Over the past few months, we have frequently covered cases and news stories discussing the issue of mandatory arbitration clauses that are contained in Maryland nursing home contracts. In Maryland and around the country, arbitration clauses continue to be one of the most contentious issues in many cases that are filed against nursing homes based on either the neglect or abuse of a resident. If enforceable, an arbitration clause can prevent a nursing home resident or their loved ones from pursuing a claim against the facility in court.
In a recent case issued by a state appellate court, a nursing home arbitration agreement was held not to be applicable against a resident’s son, although the resident’s son was the person who signed the form. According to the court’s opinion, the resident was admitted to the defendant nursing home in 2015. At the time, he was suffering from sepsis and chronic renal failure. The man’s son (the plaintiff) accompanied him to the nursing home and facilitated his admission.
The day after his father was admitted into the nursing home, the plaintiff was presented with a stack of documents to sign. Among these documents was one that, by signing, the plaintiff purported to consent to arbitration if the mediation process was not successful in resolving the case. All documents were signed.
Just five days after being admitted to the defendant nursing home, the resident’s feeding tube became dislodged. As a result, the feeding tube began infusing into the resident’s throat. The resident was unable to remove the tube, and aspirated, ultimately resulting in cardiopulmonary arrest. The resident died shortly after the incident.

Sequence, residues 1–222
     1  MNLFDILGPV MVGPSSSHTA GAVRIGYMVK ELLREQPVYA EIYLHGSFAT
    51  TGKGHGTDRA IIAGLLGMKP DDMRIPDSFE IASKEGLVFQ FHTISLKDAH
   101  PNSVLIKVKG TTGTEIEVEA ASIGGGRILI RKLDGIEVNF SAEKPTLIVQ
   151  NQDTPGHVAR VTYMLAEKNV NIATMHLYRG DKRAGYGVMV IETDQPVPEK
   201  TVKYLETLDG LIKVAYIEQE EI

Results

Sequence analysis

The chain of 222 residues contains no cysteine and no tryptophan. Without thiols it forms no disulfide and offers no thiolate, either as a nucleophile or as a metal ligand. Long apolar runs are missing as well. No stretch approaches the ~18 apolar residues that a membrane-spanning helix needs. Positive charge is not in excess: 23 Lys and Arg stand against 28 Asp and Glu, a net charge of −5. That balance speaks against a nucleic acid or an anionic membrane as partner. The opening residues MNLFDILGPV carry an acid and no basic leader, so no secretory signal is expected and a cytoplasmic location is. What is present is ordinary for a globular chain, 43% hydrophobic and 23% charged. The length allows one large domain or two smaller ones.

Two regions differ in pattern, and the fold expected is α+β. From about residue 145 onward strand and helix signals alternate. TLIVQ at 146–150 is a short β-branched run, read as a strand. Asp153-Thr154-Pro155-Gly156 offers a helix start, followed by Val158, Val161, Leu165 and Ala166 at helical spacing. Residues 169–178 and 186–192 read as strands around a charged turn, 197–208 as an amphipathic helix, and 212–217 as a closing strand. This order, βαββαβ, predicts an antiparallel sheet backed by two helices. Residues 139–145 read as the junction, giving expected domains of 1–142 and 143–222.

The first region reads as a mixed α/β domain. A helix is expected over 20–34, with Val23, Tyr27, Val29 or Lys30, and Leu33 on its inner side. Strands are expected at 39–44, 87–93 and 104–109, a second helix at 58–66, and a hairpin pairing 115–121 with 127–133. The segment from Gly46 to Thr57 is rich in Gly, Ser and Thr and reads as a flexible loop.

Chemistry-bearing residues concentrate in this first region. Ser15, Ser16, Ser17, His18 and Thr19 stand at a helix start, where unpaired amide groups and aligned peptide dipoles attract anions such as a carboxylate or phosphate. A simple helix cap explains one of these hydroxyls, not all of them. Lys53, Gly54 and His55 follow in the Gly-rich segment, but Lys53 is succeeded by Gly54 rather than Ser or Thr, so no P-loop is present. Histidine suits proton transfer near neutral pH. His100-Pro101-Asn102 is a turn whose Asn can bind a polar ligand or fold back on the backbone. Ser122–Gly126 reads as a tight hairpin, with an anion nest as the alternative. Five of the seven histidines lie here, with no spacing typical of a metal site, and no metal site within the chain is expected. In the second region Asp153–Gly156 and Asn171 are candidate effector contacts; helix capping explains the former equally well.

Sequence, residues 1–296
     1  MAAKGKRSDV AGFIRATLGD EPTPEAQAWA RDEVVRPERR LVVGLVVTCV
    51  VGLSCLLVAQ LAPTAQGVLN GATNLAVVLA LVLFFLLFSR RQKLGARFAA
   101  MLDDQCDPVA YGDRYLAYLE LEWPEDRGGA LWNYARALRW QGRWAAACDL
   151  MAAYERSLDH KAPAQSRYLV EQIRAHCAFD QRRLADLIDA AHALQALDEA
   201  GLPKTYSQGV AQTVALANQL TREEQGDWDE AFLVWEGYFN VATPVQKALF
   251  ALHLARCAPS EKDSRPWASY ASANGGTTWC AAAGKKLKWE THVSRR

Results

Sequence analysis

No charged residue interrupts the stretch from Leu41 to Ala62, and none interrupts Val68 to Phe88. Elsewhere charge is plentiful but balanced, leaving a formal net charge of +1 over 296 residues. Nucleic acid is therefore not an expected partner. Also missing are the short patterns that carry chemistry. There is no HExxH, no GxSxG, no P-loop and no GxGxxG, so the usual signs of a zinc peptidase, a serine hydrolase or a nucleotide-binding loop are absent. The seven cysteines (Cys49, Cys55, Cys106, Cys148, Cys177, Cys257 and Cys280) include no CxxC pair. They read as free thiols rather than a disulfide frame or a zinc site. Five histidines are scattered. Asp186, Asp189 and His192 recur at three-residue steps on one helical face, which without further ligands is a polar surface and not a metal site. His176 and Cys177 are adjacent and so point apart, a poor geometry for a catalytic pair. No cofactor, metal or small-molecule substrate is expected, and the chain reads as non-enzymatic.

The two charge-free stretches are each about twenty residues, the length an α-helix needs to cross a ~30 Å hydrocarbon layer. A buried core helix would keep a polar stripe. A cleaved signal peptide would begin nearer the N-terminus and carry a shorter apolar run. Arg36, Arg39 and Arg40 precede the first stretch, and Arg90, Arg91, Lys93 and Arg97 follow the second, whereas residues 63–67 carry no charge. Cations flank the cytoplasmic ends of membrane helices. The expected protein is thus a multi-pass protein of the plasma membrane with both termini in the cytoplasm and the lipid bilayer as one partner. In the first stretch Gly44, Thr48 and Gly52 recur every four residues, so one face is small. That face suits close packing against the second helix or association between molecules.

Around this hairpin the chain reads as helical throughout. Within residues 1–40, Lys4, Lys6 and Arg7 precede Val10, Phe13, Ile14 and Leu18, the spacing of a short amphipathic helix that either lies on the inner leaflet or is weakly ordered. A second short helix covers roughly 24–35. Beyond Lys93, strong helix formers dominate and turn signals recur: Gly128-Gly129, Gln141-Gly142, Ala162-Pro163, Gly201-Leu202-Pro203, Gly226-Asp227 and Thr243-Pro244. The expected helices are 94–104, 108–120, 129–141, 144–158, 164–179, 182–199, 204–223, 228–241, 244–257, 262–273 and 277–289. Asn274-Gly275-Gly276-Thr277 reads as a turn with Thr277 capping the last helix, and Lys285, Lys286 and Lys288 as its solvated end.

The plaintiff brought a nursing home negligence lawsuit against the facility, making claims of both professional and traditional negligence. The nursing home sought to dismiss the case based on the signed arbitration agreement. The trial court denied the nursing home’s request, and the facility appealed.
On appeal, the court held that the arbitration clause was not binding against the resident’s son. The court explained that, notwithstanding the language of the agreement or the fact that the plaintiff unquestionably signed it, there was no evidence that the plaintiff intended to waive his own right to pursue a claim in the event something happened to his father while residing at the facility. In so holding, the court acknowledged that there is a strong public policy in favor of arbitration; however, only when both parties consent.
Is Your Loved One at Risk?
If you have a loved one in a Maryland nursing home and fear that they are not being treated with the dignity and respect that they deserve, contact the dedicated Maryland nursing home abuse and neglect lawyers at Lebowitz & Mzhen, LLC. The time to act is now. At Lebowitz & Mzhen, we help nursing home residents and their family members pursue claims for compensation against those who are responsible for their injuries, including nursing home employees and administrators. We have a reputation for aggressively standing up for the rights of those who have been victimized by negligent or abusive nursing home staff members. To learn more, call 410-654-3600 to schedule a free consultation today.